The Democratic candidate is not going to right all the wrongs of his predecessor, believes a Ramallah-based expert, but he will likely to take a more mild approach towards the Palestinians and help them to overcome their economic difficulties.

For Palestinians in the West Bank and the Gaza Strip, the upcoming race for the White House is easily regarded as the most important event in recent years. 

As the world's eyes are set on Washington in anticipation of the elections' outcome, Abdul Sattar Qassim, a Ramallah-based political expert, says Palestinians have their fingers crossed and are hoping to see President Donald Trump leave office.

During his four years at the White House, Trump has managed to severely harm the international standing of the Palestinians.

The recognition of Jerusalem as Israel's capital was only one of those steps that pulled the rug out from under the Palestinians' feet. Other moves were to follow.

Washington soon acknowledged the legality of Jewish settlements in the West Bank, shut down a Palestinian mission in the capital, supported Israel's initiative to extend its sovereignty over parts of the West Bank, and pressed ahead with plans to isolate the PA by forging normalisation agreements between the Jewish state and a number of Muslim nations.

Trump is a catastrophe?

Due to his overwhelming support for Israel and Prime Minister Netanyahu, Qassim calls Trump's potential re-election a "catastrophe" that would further weaken the Palestinians on the international arena.

It would also deal them a severe financial blow, he contends. The fiscal situation of the Palestinian Authority has never been stable, but under the Trump administration, their economic woes have only gotten worse.

In 2018, Washington cut more than $200 million in aid to the Palestinians. The outbreak of the coronavirus has also harmed the PA economically, while donations from the rich Gulf states have shrunk by 85 percent, leaving the authorities in Ramallah clamouring for financing.

"Trump's term in office has been the worst for the Palestinians and if he gets re-elected he will continue with his crazy policies and drive us into deeper economic and political crises," believes the expert.

Although polls paint the current US president in a gloomy light, Palestinians are still bracing themselves for a worst-case scenario and trying to overcome their own differences - triggered by historic disagreements and feuds -- to stay united in the face of the potential challenge.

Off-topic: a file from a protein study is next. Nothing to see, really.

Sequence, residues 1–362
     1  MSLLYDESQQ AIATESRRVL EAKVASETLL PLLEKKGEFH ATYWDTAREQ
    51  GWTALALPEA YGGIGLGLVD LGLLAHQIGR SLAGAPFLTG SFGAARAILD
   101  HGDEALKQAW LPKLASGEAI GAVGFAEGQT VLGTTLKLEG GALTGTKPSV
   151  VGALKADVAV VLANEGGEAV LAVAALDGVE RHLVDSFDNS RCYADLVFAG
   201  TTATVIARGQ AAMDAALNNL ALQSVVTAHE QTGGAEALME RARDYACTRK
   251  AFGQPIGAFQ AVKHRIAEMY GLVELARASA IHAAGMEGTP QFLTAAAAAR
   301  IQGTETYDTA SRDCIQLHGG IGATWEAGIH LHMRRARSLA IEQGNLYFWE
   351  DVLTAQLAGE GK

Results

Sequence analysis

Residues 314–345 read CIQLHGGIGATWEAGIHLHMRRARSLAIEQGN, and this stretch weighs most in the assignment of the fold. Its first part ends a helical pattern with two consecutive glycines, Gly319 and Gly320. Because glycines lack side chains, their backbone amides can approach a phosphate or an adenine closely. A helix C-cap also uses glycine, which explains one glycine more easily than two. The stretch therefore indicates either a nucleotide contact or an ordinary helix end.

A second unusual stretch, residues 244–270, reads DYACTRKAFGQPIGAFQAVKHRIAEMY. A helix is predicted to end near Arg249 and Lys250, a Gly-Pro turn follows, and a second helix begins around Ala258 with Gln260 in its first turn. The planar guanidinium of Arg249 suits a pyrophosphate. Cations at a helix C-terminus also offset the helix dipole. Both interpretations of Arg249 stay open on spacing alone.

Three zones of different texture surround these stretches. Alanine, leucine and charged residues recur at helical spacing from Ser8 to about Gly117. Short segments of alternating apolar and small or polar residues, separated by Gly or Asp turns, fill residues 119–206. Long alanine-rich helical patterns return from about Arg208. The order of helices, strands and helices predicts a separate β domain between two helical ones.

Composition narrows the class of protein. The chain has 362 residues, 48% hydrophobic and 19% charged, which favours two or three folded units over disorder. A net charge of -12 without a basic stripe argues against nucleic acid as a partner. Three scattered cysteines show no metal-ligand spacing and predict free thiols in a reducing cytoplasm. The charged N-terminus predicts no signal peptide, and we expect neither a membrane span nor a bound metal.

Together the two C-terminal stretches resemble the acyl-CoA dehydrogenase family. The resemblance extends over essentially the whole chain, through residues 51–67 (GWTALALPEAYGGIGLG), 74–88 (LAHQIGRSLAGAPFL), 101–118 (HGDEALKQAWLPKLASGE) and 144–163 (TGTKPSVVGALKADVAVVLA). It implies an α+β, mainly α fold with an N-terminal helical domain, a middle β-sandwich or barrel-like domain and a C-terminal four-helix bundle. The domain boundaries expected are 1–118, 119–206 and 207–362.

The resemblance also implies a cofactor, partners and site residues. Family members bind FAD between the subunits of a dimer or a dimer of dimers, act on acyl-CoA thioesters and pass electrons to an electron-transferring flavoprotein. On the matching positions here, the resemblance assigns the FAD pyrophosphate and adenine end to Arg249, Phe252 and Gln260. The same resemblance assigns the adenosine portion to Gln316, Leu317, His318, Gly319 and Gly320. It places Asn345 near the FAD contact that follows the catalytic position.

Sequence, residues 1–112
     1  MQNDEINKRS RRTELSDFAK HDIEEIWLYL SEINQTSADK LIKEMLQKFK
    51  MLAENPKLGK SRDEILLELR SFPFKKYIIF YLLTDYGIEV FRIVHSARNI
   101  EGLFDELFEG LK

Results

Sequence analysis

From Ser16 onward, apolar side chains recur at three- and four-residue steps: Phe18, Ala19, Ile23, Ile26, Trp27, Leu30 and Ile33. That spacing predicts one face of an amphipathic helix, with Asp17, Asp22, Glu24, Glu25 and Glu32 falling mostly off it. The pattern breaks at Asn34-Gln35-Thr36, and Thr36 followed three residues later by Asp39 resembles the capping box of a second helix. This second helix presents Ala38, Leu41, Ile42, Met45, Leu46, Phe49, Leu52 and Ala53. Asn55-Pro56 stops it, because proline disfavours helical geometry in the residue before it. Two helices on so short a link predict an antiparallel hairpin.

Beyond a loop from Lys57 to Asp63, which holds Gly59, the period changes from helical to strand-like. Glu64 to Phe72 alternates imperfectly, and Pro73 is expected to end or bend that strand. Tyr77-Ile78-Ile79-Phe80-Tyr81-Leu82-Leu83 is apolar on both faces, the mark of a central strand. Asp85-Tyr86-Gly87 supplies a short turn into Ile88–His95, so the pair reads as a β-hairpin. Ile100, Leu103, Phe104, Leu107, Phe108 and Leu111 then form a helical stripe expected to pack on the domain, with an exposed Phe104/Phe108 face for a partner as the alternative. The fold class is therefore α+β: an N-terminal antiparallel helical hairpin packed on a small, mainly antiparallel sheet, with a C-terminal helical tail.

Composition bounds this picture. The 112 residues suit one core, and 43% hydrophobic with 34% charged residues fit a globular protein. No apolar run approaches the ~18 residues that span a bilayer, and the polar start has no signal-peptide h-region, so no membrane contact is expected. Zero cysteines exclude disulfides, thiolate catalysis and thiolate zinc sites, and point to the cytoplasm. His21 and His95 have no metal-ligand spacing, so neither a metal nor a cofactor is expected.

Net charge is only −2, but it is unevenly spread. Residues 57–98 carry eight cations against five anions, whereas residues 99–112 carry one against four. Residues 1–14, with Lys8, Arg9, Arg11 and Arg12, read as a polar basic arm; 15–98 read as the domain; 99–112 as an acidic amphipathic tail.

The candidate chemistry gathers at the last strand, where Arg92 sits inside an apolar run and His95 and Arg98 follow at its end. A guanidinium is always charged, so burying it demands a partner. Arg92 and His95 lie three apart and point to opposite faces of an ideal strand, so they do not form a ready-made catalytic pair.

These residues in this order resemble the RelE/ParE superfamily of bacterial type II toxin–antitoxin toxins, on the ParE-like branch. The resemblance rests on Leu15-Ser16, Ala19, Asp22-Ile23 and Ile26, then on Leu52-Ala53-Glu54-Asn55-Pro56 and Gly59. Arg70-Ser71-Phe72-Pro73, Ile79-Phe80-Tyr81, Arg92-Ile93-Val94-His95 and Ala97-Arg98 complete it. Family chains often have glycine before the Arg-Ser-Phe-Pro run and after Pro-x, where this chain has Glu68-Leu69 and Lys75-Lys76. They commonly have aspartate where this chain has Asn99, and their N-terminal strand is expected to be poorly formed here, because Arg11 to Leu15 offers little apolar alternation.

In late September, representatives of Fatah and Hamas, the two rival Palestinian groups that have been at odds since 2007 following the violent takeover of Gaza, met in Turkey for reconciliation talks. Although differences still exist, the factions did decide to join efforts in their battle against what could be Trump's second term in office.

Will Biden be any better?

However, Palestinians are not setting their hopes too high on Biden either, especially given "America's general backing for Israel" and considering the "unshakable" support the Democratic candidate has expressed for the Jewish state.

Their reservation is understandable. Biden did promise to restore the diplomatic ties cut by the Trump administration and he did vow to stick to the two-state solution, rejecting Israel's plans to expand to parts of the West Bank. 

At the same time, Trump's major decisions, believes the expert, will largely be left unaltered. 

Such will be the case with the US embassy in Jerusalem, which will remain in the disputed city even if Biden gets elected. Most probably, a Biden administration would fail to recant the decision to acknowledge the legality of the Jewish settlements in the West Bank.

Nothing will be done with Israel's expansion activity in the West Bank either, and Qassim believes Biden will not derail the process of alienating the Palestinians, choosing to stick to Trump's policy of bridging the gap between Israel and the Muslim world at the expense of the PA.

"Palestinians are likely to get into a deeper economic abyss in the upcoming months and years. The US under Biden will probably help to overcome these hardships but that assistance will always come at a price."

The "price" in question is the resumption of direct negotiations between Israel and the Palestinians, the last round of which took place in 2013 but has failed to produce any tangible results. 

If Biden gets elected, he might want to try his luck in that field, where many have failed, and Qassim believes he will have better chances to succeed than his predecessor.

"For us, the Palestinians, any US president will be better than the current one. Biden will be less biased towards Israel and will not violate all the possible international resolutions. And who knows? Maybe by taking rational and just decisions, he will bring peace to the Middle East."